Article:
February 21, 2012

Since 1979

Posted in Lent, Redeemer, Sanctification, Suffering Servant at 10:46 pm by Teresa Roberts Johnson

Unwashed, unshriven, and unbent,
We eat and drink, and then are sent
Out into the world to go in peace.
Unsatisfied, we leave the feast
With no true sense of our own sin
Or of the Christ who died for men.
Teach us, O Christ, that Thou art Lord.
Be to us Body, Blood, and Word.
Then send us out prepared for war,
With sin and self to daily spar.
That dying, we may live anew
To rise, then fall, in worship true.

Copyright © 2012 by Teresa Roberts Johnson (All rights reserved)

I was talking with a friend last night about the subtle and the glaring differences between the REC BCP and the 1979 BCP of the Episcopal Church. Needless to say, I prefer the REC book. There is no point in belaboring the problems with the 1979 book; others have done an extensive job of that and much better than I could. I will only say that I could never trust a book that purports to give me the traditional collects, while having “cleansed” them of any trace of gender-specific language.

Therefore, it should come as no surprise that the word “men” was chosen on purpose and is placed almost exactly in the middle of the poem. It is my small way of thumbing my nose at the “gender-inclusive” language that pervades both the 1979 BCP and the 1982 Hymnal. One egregious example is found in my favorite Christmas hymn is “Hark, the Herald Angels Sing.”

The original version makes the bold assertion that our Lord Jesus Christ was “born that man no more may die, born to raise the sons of earth, born to give them second birth.” That is an important truth, and it echoes Biblical language. The estate of being mankind has nothing to do with gender inclusiveness or lack thereof, and the very clear statement that MAN, the creature who was made in the image of God and then fell, is now reconciled with God is, in sophisticated theological terms, a really big deal. The change that was made in this beautiful hymn from specific words to the plural pronouns “we” and “us” has taken the very heart of the Gospel and watered it down with lukewarm water that is worth nothing else but to be spat out.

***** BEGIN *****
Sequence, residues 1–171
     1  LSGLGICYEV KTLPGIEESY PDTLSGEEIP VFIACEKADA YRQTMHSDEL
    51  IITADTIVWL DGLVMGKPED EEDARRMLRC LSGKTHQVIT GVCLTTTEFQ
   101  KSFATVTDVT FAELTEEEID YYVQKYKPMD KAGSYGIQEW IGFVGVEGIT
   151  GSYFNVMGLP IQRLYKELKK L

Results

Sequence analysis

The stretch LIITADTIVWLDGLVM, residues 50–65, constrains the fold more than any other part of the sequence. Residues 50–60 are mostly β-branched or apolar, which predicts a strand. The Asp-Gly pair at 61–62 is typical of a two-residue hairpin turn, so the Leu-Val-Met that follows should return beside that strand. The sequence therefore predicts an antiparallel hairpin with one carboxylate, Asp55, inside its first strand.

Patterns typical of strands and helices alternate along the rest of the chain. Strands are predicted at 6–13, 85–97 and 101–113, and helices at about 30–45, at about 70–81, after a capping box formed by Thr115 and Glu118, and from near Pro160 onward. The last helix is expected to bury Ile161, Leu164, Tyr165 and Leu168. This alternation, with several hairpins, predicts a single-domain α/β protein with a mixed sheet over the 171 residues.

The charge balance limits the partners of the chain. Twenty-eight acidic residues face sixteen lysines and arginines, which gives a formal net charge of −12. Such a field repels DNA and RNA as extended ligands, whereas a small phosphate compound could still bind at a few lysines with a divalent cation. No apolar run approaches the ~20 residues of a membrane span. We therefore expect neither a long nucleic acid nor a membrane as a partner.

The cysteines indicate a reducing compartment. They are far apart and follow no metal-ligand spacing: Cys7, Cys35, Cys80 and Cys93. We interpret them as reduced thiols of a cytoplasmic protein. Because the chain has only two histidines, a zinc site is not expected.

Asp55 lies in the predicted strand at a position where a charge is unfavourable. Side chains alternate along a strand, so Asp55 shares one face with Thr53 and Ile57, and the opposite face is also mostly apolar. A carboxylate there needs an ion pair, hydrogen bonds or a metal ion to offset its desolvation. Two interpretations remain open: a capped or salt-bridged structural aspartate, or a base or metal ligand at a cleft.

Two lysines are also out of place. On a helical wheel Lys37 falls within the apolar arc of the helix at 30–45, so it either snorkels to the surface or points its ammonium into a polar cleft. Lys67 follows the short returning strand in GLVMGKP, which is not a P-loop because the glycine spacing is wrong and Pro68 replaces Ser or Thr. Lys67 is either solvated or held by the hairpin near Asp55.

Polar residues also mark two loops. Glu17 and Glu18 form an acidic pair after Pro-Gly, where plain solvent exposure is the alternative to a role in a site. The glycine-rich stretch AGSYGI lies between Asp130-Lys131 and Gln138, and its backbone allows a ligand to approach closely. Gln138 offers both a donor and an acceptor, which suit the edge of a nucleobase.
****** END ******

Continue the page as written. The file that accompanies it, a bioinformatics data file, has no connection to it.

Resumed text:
If it is offensive to sing the following, then let me be found offending every day of my life:

Well might the sun in darkness hide
And shut his glories in,
When Christ, the mighty Maker, died
For MAN the creature’s sin.

Hallelujah, what a Savior!

May your Lent be filled with the joy of Christ as you are emptied of sin and self.

Written on January 5, 2008, during the breaks in Liturgics class.  I re-wrote two lines tonight to strengthen the concept of spiritual warfare.

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